Llangelynin Old Church is high in the hills to the south of Conwy. Climbing up there provides a panoramic view of the river, Conwy Castle and the harbour. The church dates from the 12th or 13th century, probably built on the site of an earlier church. It has once been at the centre of a widespread rural community, as evident from the number of derelict houses littered across the surrounding hills. It is also on the route of an long abandoned road, the discovery of the foundations of an inn built against the church wall demonstrates that in the past this must have been a thriving community. The church was abandoned in 1840 as a result of shifting population, and replaced with a new building lower in the valley.
The church is still used for three services a year, held on summer Sunday afternoons since there is no electricity for light and no heating in the church. The body of the church is in the form of an L shape, with two distinct chapels facing the altar. The second chapel is known as the Men’s Chapel. It is thought that the drovers would be accomodated here, to separate the unwashed and the uncouth from the remainder of the congregation. A third chapel was also added in the 16th century, but later demolished. the remains can be seen outside the church. The church is plain with few memorials, the chief feature being the inscription of the Lords Prayer and Ten commandments in Welsh on the wall beside the altar, to which a skull and crossbones are appended.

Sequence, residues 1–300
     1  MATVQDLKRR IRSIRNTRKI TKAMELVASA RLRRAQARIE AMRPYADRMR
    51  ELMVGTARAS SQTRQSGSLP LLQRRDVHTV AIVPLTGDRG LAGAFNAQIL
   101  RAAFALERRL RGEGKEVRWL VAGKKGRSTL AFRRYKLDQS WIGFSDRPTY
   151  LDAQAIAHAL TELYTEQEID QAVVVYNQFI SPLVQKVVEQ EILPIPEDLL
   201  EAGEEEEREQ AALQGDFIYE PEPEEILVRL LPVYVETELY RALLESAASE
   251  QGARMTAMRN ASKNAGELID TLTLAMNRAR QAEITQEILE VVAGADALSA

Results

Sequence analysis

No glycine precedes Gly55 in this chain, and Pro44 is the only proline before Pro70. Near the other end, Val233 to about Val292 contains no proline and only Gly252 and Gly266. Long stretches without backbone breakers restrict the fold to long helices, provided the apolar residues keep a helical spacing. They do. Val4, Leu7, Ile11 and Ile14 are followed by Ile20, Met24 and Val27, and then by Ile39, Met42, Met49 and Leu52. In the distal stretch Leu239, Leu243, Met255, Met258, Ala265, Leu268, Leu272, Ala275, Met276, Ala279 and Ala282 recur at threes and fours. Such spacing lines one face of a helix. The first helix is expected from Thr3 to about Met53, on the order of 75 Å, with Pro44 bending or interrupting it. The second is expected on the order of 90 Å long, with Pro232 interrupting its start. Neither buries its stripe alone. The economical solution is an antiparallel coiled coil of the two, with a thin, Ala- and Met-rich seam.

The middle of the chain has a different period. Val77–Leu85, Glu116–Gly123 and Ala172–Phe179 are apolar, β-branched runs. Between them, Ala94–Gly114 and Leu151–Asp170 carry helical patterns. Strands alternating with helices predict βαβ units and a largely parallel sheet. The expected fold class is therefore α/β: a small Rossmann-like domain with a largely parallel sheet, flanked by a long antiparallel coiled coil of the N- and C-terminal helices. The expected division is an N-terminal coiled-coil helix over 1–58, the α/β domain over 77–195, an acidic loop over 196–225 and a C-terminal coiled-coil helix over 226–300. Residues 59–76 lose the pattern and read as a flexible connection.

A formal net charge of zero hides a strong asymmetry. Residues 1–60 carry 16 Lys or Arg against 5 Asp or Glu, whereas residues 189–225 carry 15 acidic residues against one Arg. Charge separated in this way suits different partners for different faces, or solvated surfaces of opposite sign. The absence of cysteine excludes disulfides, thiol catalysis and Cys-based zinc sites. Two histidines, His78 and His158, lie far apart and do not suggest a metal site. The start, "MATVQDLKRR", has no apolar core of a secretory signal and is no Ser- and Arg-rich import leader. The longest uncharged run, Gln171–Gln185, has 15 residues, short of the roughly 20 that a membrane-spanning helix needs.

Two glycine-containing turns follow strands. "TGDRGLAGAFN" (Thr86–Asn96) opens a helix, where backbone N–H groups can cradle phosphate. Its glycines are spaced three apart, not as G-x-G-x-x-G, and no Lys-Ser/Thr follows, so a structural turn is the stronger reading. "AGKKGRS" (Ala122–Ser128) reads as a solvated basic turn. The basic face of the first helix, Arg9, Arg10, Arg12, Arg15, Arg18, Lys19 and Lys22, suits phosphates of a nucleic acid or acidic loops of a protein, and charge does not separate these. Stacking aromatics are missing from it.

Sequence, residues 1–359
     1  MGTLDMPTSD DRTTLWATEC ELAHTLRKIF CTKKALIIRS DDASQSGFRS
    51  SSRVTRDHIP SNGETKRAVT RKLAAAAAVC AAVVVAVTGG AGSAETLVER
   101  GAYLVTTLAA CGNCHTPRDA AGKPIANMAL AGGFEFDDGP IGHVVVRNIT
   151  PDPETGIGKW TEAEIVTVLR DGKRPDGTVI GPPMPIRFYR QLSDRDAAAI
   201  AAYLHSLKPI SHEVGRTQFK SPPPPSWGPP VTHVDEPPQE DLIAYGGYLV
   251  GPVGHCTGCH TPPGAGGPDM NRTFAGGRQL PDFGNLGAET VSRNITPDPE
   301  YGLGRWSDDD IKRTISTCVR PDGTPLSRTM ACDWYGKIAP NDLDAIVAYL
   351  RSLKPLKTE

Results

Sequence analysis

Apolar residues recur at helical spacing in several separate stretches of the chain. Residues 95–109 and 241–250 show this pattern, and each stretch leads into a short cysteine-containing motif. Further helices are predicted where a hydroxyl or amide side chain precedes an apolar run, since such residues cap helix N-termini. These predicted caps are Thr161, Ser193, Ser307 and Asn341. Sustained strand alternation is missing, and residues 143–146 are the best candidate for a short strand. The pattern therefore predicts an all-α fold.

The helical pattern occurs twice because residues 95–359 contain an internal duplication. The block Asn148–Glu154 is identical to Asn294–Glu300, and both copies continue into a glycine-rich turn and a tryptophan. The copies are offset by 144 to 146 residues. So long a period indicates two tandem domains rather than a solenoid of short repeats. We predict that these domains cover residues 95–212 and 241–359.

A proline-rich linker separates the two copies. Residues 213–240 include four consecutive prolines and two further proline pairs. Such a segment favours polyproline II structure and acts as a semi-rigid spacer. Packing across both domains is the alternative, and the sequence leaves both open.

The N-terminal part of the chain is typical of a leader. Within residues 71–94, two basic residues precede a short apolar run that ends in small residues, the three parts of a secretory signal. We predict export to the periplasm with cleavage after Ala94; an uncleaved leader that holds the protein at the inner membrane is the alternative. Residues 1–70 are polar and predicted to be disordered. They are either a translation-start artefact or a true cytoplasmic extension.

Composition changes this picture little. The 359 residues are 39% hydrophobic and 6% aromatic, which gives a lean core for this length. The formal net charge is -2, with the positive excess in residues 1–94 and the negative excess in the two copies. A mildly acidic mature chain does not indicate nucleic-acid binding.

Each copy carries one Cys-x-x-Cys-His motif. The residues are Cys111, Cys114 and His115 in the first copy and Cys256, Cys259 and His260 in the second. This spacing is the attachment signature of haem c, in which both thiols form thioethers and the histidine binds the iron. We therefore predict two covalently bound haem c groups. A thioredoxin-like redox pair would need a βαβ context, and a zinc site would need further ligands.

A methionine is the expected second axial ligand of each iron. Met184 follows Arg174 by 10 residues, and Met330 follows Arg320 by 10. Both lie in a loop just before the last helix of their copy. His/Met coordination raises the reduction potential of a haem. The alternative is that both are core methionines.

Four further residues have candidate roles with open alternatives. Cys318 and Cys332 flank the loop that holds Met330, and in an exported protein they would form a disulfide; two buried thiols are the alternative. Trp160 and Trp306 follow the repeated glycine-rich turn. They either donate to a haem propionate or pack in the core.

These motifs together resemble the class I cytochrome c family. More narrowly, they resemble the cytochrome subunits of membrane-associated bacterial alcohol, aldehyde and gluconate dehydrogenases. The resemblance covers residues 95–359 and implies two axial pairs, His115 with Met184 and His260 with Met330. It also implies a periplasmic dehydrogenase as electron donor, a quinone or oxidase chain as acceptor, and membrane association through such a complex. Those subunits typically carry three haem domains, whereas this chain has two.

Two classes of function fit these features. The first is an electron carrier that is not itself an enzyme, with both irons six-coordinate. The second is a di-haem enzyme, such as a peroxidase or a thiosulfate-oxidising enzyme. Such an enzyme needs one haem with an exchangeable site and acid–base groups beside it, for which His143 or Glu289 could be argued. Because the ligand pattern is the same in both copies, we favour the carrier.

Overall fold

The well house is in a southern corner of the dry stone wall that surrounds the very uneven church yard. The walls surrounding the well and the benches have been restored, although the current layout fits a description of the site from 1739. The original well house according to records from 1622 was roofed.
The well was believed to have powers to cure sick children, and children were brought from a wide disatnce around for cure. Sick children would be bathed in the well either early in the morning or in the evening and would then be wrapped in a blanket and allowed to sleep at a house at Cae Iol nearby. During this time their clothes would be washed in the water. the belief being that if the clothes floated then the cure would be successful, but if the clothes sank then the child would not recover.
The remains of Cae Iol where the children were taken lie about 100 yards from the church. The Ancient Monuments record notes a post medieval farm house and a medieval platform house, I assume it was to the latter that children were taken, although I think only the more recent house is shown in the photograph.
Celynin dates from the 6th century and was one of twelve sons of Helig ab Glannog, whose territories, between Penmaenmawr and Anglesey were flooded and now lie under Beaumaris Bay and Lavan Sands. It was said that the remains of Llys Helig could still be seen at very low tides a mile or so off the coast at Penmaenmawr. Loosing their family lands in this way the sons became monks at Bangor on Dee and Bardsey Island. A second church dedicated to St Celynin is in Llwyngwril near Barmouth.
The festival date for the church here is variously given as the 2nd or the 22nd of November. the calendars do not give a date for the festival of St Celynin.
The enclosed churchyard covers a very wide area, there are apparently records of burials there dating back to the 14th century, however the rocky nature of the churchyard means that only some areas can be used for burial.
A couple of hundred yards westwards along the drover’s path you can also find what we supposed to be Ffynnon Gwynwy.
Llangelynin Old Church is near Garnedd-wen farm and is signposted on the roads up from Henryd. The route is a steeply climbing single track road, but there is parking space at the top, about 100 yards from the church.